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I work in a team of Java developers. We write the code in Eclipse, and then we use maven to build the war. Afterwards we deploy the war in Tomcat.

Is there a free way to autodeploy files on save ?


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You mean, deploy the war in tomcat after a build? You can use maven for that. – Marcelo Mar 15 '12 at 15:49
You're a brave developer. I'd be concerned about breaking the war. – Gilbert Le Blanc Mar 15 '12 at 15:56
@Marcelo is there anyway to intiate autobuild on saving the file, instead of clicking each time. – arvindwill Nov 8 '12 at 16:31

JRebel gives you exactly that: auto-deploy files on save, using Eclipse AND Tomcat, but you do have to pay for it.

I recommend JRebel, but a quick glance around for free alternatives brings up this SO question, where someone suggested the Dynamic Code Evolution VM as a similar product.

There is a good article on the different ways to hot-deploy Java web apps here, which also details some of the other approaches already mentioned.

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If you want to deploy for testing purpose on your developer machine, you should use the Tomcat Maven Plugin or, better the Maven Jetty Plugin (it's better because it's lighter and faster).

If you want to deploy it on a remote server, say at every commit on your SCM you must use Contiuous Integration tools like, for example, Jenkins or Apache Continuum.

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  • OSGi is a general purpose module system that supports hot deployment
  • Clojure is a dynamic JVM language that enables a lot of runtime interactivity. Clojure is often used for "live coding" - pretty much anything can be hot-swapped and redefined at runtime. Clojure is a functional language with a strong emphasis on immutability and concurrency, so in some ways has some interesting similarities with Erlang. Clojure has some very nice web frameworks like Noir that are suitable for hot swapping web srever code.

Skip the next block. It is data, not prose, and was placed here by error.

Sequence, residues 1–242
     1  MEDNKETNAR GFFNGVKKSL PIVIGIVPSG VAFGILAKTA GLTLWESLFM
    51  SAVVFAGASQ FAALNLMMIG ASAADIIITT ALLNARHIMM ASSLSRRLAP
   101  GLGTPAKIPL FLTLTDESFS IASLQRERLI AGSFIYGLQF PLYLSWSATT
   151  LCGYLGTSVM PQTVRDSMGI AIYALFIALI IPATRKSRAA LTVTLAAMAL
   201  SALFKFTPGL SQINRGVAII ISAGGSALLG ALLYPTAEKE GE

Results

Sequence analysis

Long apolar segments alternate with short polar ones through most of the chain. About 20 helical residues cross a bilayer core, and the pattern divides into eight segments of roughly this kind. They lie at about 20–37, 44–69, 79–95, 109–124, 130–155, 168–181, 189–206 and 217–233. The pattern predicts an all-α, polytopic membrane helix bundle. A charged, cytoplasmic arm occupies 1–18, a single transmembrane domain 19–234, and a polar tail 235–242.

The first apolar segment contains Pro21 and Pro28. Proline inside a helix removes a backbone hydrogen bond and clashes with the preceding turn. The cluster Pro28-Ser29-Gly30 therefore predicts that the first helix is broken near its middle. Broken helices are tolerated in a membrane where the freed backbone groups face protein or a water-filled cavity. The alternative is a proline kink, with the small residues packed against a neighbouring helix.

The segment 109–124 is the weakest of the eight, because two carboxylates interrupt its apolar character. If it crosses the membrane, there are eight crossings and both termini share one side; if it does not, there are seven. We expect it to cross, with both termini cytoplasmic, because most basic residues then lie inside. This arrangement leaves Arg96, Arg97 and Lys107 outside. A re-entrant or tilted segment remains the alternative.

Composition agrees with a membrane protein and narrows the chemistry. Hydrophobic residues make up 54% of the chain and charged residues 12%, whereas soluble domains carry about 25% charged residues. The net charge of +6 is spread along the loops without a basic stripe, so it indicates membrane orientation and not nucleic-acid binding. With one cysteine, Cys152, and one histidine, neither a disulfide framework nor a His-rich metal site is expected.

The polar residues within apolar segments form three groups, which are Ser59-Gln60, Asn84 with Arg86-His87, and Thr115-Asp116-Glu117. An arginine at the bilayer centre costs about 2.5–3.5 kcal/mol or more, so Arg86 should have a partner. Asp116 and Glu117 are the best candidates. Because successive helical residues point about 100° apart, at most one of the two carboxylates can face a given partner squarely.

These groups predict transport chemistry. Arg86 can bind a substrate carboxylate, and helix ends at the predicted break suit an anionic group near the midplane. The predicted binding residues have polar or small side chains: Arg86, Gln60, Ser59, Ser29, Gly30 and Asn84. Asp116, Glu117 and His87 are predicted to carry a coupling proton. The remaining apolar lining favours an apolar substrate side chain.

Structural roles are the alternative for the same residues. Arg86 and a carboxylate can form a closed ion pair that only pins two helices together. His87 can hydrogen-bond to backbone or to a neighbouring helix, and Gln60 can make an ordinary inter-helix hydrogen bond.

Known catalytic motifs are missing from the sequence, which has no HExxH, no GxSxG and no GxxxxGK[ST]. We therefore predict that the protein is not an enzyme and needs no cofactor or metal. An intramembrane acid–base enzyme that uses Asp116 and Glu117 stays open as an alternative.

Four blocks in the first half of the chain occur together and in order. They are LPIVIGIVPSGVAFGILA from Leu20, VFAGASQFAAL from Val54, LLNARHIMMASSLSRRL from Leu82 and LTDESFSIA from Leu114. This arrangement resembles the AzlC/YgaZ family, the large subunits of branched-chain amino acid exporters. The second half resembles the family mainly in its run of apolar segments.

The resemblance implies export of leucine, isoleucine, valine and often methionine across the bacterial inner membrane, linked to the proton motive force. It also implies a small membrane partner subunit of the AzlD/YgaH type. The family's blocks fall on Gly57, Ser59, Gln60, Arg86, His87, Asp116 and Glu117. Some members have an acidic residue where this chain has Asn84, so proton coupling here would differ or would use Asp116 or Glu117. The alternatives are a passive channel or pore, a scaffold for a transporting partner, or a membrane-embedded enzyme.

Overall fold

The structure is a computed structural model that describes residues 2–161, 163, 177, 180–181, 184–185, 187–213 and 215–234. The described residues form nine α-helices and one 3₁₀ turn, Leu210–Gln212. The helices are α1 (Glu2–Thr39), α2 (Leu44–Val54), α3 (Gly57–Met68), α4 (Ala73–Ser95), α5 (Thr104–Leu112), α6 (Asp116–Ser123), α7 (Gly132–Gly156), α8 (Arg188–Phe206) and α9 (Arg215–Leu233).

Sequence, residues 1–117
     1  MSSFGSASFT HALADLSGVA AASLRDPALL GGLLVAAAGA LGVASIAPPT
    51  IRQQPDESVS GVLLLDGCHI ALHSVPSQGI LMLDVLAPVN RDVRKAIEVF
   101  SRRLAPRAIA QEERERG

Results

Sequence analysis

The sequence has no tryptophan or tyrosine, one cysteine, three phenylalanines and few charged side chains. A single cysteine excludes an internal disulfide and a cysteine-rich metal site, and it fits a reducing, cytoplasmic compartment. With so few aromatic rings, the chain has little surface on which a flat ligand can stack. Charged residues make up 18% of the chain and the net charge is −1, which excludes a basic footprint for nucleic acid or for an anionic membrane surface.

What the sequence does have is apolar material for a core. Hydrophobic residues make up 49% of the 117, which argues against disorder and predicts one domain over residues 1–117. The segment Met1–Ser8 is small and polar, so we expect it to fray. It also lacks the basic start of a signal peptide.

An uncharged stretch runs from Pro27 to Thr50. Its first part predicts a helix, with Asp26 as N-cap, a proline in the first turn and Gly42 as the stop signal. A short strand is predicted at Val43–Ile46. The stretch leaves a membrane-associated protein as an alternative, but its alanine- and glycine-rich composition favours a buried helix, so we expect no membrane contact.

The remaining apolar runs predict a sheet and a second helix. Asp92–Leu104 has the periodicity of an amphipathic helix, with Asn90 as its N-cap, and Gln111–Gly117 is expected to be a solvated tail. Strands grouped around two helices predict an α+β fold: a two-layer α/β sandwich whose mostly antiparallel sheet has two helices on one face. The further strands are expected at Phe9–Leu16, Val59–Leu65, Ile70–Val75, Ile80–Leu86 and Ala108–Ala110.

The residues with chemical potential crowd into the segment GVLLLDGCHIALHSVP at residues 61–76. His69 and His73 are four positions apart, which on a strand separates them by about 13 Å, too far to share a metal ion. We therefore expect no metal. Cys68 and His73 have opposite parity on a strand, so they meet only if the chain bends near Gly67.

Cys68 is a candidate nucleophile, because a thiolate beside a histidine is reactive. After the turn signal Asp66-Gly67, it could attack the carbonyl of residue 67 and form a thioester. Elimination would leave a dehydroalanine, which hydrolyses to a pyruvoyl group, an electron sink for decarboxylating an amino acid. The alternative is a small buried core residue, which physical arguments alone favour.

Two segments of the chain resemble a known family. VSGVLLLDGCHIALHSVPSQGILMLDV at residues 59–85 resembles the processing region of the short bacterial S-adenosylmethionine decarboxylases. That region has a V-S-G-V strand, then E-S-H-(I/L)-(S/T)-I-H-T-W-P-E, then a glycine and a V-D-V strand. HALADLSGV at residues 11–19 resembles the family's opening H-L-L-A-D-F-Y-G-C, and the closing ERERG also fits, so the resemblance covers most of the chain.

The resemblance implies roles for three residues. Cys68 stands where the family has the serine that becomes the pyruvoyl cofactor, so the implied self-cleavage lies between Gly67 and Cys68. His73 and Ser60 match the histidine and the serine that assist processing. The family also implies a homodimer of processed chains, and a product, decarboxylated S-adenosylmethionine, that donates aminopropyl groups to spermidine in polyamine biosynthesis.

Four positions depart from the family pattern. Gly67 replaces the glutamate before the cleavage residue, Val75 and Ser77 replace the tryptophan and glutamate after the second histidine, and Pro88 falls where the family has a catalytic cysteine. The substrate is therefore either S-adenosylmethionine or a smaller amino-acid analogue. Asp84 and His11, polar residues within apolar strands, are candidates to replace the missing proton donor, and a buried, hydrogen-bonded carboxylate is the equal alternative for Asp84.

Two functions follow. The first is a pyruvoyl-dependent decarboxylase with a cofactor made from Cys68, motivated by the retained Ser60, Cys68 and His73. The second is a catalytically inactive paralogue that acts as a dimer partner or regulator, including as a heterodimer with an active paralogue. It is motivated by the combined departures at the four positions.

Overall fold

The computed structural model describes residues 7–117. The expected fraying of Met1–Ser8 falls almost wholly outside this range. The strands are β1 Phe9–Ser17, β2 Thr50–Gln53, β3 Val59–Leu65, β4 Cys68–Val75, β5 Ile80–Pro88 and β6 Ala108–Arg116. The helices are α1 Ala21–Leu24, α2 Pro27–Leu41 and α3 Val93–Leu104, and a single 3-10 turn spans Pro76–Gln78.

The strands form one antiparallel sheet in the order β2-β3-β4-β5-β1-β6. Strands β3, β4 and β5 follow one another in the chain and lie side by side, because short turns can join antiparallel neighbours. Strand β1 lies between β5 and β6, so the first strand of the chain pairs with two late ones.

• The Play Framework is designed to enable hot swapping code for productivity reasons avoiding web server restarts). Might be relevant if you are looking primarily at hot-swapping web applications.
  • Most Java applicatio servers such as JBoss support some form of hot-swapping for web applications.
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If you have your class files, you could put them in WEB-INF/classes. Is that what you were looking for?

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You can use the maven jetty plugin

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Don't build with maven, use exploded deployment, so that static UI files and JSPs could be picked up automatically by the container. For reloading changes to classfiles, you can run the application in debug session and use hotswap (which allows you only the changes to method bodies) or overcome your demand for free software and buy yourself a JRebel license, which can be used for free on non-commercial projects (

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static UI files and JSPs are infact picked up automatically when using Maven ('mvn tomcat:run' or 'mvn jetty:run') – rlovtang Mar 25 '12 at 12:28
sure. it just depends on the setup. jetty and tomcat maven plugins read the resources from the original locations but it is not the same with IDE-based environments. Embedded Jetty, either vanilla or as maven plugin is indeed a very good solution for this problem, though not perfect. – Anton Arhipov Mar 25 '12 at 18:16

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